Musical Russian Roulette. Made possible by the generation-defining software: iTunes. Here's how you play: put your entire musical library on shuffle with NO skips and NO vetos and NO creating sub-lists to look cooler than you really are! This is a particularly great game for long drives. Depending on the size of your song library, this can be super awesome or this can be super embarrassing. For me, it is typically both. So, for today's audio minute... a 10-song game of Russian Roulette using my iTunes library.
I decided to play for ten songs, using six seconds from each as my sculptural material. I imported the first 6 seconds of the first song in to Pro Tools, seconds 6-12 of the next song that came up, seconds 12-18 of the next song, etc. to make our lovely sixty seconds of audio joy.
The Roulette List
1) Wheel of Fortune by Kay Starr
2) Stability by Death Cab for Cutie
3) My Name is Hope by Kirsten Milsap, Hope Shepherd, and Daron Bradford
4) Inertia by Tears Run Rings
5) Metal Heart by Cat Power
6) Lover I Don't Have to Love by Bright Eyes
7) Needle in the Dark by Passenger
8) More Than Words by Extreme (NICE.)
9) Every Christian Lion-Hearted Man Will Show You by the Bee Gees
10) Black Math by the White Stripes
I made cookies tonight. From a cake mix.
My roommate Jodi told me of this miraculous way to make this rare form of deliciousness. Pick any cake mix your heart could desire. (I chose Betty Crocker's rainbow chip. Yes!) Add 2 tablespoons of water (maybe 3 would be better, mine were a touch poofy), 1 egg, and an entire stick of melted butter (this is why you hear the microwave in today's piece). Mush that all together and add in the cake mix. Mush that together. Then spoon the mush into separate bits of mush on a cookie sheet. Cook on 350 for 12 minutes. Should you desire an audio tour, you can hear all the steps in today's audio minute.
As my other roommate JaNae attests around the 58th second... "AMAZING."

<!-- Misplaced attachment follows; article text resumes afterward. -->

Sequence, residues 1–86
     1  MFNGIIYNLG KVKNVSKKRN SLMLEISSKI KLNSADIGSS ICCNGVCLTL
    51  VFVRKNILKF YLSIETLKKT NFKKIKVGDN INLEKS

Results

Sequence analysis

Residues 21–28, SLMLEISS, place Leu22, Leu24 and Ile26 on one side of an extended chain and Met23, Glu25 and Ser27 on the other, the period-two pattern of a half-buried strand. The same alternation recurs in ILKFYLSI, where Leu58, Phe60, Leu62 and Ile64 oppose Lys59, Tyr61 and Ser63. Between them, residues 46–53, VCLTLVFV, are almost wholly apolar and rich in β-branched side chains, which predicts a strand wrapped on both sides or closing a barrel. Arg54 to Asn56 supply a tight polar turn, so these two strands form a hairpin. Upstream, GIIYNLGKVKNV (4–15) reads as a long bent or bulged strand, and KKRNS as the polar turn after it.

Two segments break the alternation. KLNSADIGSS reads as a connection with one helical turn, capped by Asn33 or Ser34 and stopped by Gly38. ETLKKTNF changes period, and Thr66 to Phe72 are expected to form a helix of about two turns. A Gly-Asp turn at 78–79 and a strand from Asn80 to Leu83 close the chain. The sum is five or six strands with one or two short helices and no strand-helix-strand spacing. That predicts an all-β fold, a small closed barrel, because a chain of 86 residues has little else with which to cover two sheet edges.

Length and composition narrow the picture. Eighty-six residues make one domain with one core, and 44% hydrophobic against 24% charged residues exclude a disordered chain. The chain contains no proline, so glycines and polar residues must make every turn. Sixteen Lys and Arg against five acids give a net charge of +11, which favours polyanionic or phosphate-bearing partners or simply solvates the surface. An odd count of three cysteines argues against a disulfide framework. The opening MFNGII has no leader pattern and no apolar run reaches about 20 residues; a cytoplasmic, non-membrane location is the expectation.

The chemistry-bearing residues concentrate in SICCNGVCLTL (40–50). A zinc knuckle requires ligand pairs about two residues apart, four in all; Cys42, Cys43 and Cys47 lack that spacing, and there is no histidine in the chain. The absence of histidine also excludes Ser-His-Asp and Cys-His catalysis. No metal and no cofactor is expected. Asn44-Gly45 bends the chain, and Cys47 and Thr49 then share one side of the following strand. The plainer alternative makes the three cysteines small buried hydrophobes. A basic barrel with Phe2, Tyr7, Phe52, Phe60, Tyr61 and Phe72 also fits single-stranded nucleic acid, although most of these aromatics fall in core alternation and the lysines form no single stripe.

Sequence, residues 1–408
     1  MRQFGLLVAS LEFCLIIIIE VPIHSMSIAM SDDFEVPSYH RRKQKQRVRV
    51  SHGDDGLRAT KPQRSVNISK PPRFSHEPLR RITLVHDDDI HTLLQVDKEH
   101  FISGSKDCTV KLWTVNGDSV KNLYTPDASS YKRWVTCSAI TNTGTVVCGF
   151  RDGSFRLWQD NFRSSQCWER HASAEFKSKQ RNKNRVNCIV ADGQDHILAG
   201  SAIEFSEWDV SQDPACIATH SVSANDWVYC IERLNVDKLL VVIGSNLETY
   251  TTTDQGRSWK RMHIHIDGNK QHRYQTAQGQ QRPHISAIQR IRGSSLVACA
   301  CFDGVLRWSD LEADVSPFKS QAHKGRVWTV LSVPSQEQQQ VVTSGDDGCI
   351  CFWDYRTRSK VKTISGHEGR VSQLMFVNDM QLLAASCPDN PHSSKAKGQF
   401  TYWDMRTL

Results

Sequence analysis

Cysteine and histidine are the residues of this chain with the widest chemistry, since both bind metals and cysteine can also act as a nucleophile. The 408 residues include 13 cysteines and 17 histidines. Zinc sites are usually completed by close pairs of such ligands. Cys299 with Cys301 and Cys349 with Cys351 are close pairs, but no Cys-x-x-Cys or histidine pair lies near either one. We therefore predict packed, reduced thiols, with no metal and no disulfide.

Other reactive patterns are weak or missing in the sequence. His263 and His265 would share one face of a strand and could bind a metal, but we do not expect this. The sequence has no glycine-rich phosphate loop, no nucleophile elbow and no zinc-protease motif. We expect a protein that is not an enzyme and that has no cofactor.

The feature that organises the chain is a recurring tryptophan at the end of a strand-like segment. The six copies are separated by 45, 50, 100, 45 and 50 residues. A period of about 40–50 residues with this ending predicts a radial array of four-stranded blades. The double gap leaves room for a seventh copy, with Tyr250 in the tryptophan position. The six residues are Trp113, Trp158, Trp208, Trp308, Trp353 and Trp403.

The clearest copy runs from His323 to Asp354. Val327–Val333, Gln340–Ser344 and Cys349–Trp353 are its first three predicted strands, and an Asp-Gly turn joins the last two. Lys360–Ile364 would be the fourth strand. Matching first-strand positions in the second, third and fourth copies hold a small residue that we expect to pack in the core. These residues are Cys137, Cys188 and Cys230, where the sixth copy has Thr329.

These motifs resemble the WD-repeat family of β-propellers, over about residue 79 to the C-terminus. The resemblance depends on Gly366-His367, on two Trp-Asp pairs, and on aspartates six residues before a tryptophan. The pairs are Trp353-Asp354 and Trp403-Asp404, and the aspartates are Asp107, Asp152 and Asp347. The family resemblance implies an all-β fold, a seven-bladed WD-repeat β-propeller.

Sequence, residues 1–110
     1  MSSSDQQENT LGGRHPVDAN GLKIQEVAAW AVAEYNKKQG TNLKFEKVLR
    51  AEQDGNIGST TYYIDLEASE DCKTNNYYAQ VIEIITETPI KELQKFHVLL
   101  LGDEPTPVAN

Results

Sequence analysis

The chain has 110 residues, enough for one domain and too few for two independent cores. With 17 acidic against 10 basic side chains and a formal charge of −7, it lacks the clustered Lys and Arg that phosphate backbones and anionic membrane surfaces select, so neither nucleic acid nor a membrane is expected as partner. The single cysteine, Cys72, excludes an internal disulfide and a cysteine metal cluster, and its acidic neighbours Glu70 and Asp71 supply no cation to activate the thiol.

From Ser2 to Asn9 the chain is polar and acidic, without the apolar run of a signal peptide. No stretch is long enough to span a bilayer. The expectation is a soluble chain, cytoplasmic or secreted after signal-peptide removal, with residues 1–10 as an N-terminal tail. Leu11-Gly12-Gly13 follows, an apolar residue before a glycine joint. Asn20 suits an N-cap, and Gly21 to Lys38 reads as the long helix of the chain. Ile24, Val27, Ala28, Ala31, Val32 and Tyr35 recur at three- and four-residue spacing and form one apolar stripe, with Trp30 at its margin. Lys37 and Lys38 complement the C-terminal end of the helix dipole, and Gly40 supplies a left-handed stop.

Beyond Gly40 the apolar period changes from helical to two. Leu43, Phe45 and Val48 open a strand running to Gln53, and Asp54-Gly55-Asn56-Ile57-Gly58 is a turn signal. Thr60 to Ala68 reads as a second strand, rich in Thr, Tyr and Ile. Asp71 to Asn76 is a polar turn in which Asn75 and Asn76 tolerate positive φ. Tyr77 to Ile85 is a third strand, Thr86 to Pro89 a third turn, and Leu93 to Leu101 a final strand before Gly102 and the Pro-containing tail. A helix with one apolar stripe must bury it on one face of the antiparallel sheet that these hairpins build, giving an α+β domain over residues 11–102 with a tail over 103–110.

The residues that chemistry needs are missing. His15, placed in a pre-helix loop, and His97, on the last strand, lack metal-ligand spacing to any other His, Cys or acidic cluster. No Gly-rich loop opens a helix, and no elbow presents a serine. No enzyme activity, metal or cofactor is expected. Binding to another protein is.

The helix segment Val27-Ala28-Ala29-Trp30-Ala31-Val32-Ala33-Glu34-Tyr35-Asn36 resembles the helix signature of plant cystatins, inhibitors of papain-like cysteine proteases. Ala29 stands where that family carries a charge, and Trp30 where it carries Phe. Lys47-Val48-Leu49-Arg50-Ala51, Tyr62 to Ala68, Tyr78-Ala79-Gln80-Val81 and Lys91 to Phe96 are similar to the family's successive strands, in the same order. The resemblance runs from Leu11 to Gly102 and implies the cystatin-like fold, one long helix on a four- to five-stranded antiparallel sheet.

My biological grandmother, Doris, died when my father was 14. My sister and I often conjecture how life would be different if she were still alive. I think my cousins do, too. She just seems so magical. And her being around might have helped my Dad from having to grow up so fast.
Turns out Grandma Doris was an audio producer before audio producing was cool (assuming it's cool... right??). If I have my facts straight, she had this machine that could cut actual records (the earliest version of my own gadgetry!). About a year ago or so, my dad acquired those records. A few tracks of her and my grandfather singing were digitized. The quality was atrocious, but I've worked here and there on making them better.
Today, I added a two-way radio filter just for kicks (helps you feel the moment!) and cleaned up some more noise. I love hearing her.
This is another one of those pieces that I could not bear to edit at all. My roommate Jodi and I were making cookies at 3 in the morning last night. I realized I hadn't done my audio work for the day. She obligingly offered to read the cookie recipe in her sexiest voice (with a touch of Transylvanian vampire). I was covertly recording the whole time we were working through this idea in hopes that something more spontaneous would come out of it.
We talked for about 10 minutes about all sorts of stuff until the greatest moment ever happened. She finally said, "Okay, go." I replied, "It's going. It's been going." Instantly reflecting upon what I might have on record, she proceeded to laugh for TWO MINUTES STRAIGHT.
I'm not sure how I got to be a 26-year-old single woman without seeing the BBC's version of Pride and Prejudice. This sad fact came up with a group of friends last week so it was determined that I needed to remedy the situation.
We watched all five hours of it this evening. In one sitting. It was glorious. (Thanks to Chelsea, Natalie, Brenda, Linda, Meridith, and JaNae for sharing this life event with me.)
My own eyes were privileged to behold the venerable Mr. Darcy coming out of the water at Pemberley. Today's audio minute features that blessed moment and an analysis of the universal female affection for Mr. Darcy. Enjoy.